Jarline "Jah" McLachlan was cooking dinner on Wednesday night when her four-year-old son Xavier managed to unlock the front door of his home and run away.
His father Chris was on the back deck and had only hours earlier stopped Xavier from trying to open the door and play out the front.
"He pretty much learnt that morning how to open the front door, and I spent most of the morning chasing him up and down the hallway, so we were just keeping an eye on him," Mr McLachlan said.
"Jah came home from work, I was on the deck, and she came screaming 'he's gone'. The door was open and he'd let himself out and gone on an adventure."
It is every parent's worst nightmare, but the fact Xavier is non-verbal and has autism had the McLachlan's fearing the worst.
"He's got no sense of road safety, and rules, you can't tell him 'don't go over the fence'," Mrs McLachlan said.
"It was just panic, instant panic," Mr McLachlan said.
"I just took off straight down the road. I walked down the street looking in every driveway, every yard, until I got to the end of the street and I saw someone and asked if they'd seen a little boy walk past and they said, 'no'.
"I headed back home and we rang the cops to get them here as quick as possible and it was a matter of ringing everyone we knew, everyone that was close, to just help us look."
The McLachlans of South Launceston were frantic. After calling the police they began contacting whoever may have been able to help.
They said within half-an-hour three police cars, a motorbike and their closest family were ready to start searching for Xavier.
Over the course of the next 30 minutes, after Xavier had been gone for close to an hour, nearly 100 people had rallied to help find the lost little boy after a number of posts went out on social media asking for help.
"Family friends and strangers had seen the post, gotten in their car, and just came straight here. Half of them just started searching the blocks around the surrounding areas," Mr McLachlan said.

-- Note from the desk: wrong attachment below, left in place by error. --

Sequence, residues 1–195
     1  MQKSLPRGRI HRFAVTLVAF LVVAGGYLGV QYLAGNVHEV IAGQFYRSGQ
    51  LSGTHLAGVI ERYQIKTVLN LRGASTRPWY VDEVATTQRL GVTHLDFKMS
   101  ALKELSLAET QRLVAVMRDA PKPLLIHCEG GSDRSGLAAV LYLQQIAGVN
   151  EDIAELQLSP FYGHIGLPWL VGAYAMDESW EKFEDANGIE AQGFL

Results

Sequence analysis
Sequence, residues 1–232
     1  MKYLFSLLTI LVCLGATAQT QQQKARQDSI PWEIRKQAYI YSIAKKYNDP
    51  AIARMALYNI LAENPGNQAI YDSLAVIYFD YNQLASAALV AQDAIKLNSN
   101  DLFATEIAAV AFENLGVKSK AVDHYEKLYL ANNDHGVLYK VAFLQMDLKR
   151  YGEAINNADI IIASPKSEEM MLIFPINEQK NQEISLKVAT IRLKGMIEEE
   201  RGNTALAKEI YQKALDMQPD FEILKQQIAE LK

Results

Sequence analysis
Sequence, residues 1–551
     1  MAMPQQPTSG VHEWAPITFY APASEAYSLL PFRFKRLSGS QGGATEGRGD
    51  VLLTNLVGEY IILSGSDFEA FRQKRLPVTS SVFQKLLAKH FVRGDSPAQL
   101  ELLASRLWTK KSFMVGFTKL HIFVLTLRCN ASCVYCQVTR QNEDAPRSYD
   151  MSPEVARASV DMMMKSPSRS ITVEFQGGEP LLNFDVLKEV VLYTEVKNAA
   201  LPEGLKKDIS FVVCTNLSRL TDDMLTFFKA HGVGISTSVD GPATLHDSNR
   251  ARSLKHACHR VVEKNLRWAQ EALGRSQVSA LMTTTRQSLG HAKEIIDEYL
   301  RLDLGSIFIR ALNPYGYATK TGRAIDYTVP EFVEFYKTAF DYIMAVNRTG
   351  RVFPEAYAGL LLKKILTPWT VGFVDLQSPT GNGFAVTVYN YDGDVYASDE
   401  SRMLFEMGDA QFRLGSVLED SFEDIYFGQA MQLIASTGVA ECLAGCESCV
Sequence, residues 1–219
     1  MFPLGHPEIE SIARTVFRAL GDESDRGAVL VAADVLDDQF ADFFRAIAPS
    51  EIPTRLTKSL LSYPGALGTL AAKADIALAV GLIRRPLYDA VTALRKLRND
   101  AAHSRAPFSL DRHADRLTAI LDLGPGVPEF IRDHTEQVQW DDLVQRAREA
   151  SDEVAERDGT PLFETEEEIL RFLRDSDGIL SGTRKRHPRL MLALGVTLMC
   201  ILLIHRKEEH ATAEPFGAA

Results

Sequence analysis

One of those strangers was Chloe Knight.
"[The fact he was missing] was shared on my Facebook and I went to my partner and said, 'we need to look for this little boy'," Ms Knight said.
So they jumped in the car and pledged their services to help find Xavier.
After close to three hours of him being missing, Ms Knight finally tracked him down.
Whether it was by fate, or through women's intuition, she headed to nearby Rose Lane - a woody thicket about one kilometre from the McLachlans' home and across a busy road.
Ms Knight said she was about to leave when she heard a child's whimper somewhere in the bushland and rushed towards the sound. She was still unable to see Xavier until she called out to him saying she could take him to his mum and he finally emerged, shoe and pant-less.
In the hurry to return him to his family Ms Knight slipped on a hill and cut her leg open. Despite his ordeal, Xavier reassured her it would be okay.
"He just saw my face and looked at me and said, 'are you okay?' and it was just very overwhelming," Ms Knight said.
From there Ms Knight rode with him in a car and delivered him back to the McLachlan home.
The news that Xavier had been found had already filtered through to the McLachlans - they were overcome with emotion.
"The car pulled and I just grabbed him straight away and he hugged me super tight. Then as soon as her saw his mum he pushed off me and just wanted her," Mr McLachlan said.
Sobbing, Mrs McLachlan grabbed her little boy and held him tight.
"He's not a cuddly kid, he doesn't do cuddles, so it was really nice to have him wrapped up. [I was thinking] 'I don't care if you want a cuddle or not, you're getting it' - but he let me cuddle him and then he wouldn't let go," she said.
Though the raw emotion of having their boy back overwhelmed them, the McLachlans were equally taken aback by the spirit of the community to help out in the rescue mission.
They said they had friends come and help from all over, and that in the end about "half of Launceston" was looking for Xavier.
Mr McLachlan said the response was tremendous.
"I remember just standing out the front and getting inboxes on Facebook from people I knew and didn't know asking what they could do to help or where they could start looking. I was just getting through some of the messages and we got the call that he had been found and he was on the way back here," he said.
Mrs McLachlan said it was like a scene out of a movie where a whole suburb bands together to search for a lost kid. She said, standing on a hill behind their house, she could see all of the helpers scouring the area and hear them calling 'Xavier'.
"I tried not to cry but he had been found by then and I just saw how genuine these people were about finding him, they actually cared about the fact my son was missing," she said.